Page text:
Dash Akol was a thirty-five-year-old man, robust but rather ugly. Seeing him for the first time, most people would be repulsed. But once they sat and listened to his stories, or heard about his exploits from others, they would find themselves attracted to him. Those who were able to ignore the scars on his face found him a noble and attractive man with coal-dark eyes, black, bushy eyebrows, prominent cheekbones, a slender nose and an ebony beard and moustache. What had disfigured his face were the many wounds inflicted upon it. On his cheeks and forehead were the traces of saber cuts--cuts that had healed quite unattractively, exposing shiny pink flesh. The worst of these had produced a tuck under his left eye, disfiguring the left side of his face.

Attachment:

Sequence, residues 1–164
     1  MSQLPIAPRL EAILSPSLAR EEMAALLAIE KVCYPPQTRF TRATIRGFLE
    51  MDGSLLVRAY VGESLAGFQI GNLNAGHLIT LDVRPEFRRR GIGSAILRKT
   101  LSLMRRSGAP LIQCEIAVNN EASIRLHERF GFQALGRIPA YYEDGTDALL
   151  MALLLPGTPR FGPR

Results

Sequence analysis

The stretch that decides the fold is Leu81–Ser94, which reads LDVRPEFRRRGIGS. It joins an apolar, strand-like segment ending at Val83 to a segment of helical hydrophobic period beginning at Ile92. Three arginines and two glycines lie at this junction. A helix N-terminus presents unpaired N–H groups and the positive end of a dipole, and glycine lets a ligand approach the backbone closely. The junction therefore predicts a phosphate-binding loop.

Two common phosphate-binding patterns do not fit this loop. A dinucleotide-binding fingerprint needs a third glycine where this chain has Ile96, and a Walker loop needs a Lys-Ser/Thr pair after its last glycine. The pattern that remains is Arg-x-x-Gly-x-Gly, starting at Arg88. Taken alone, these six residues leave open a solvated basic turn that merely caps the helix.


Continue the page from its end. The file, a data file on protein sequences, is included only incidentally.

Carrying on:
His father had been one of the notable landowners of the Fars province. When he died, his legacy had gone to his only son. But Dash Akol, carefree and a spender, felt no allegiance to money (or to other worldly things). He devoted his life to heroic deeds, restoration of people's lost freedoms and philanthropy. He was a simple man, attached to none other than these goals. The money that he took in found its way either to those who were in greater need or to his diversions. These were to sit drinking strong brands of araq proclaim his presence at the intersections or haunt local gatherings accompanied by his retinue of followers. So much for his faults and his merits. The unbelievable thing, however, was that he had never had a great love in his life. Several times his friends had tried to set him up and, each time, he had shied away. But from the day he first became the executor of Haji Samad's estate and set eyes on Marjan, his life had taken a new turn.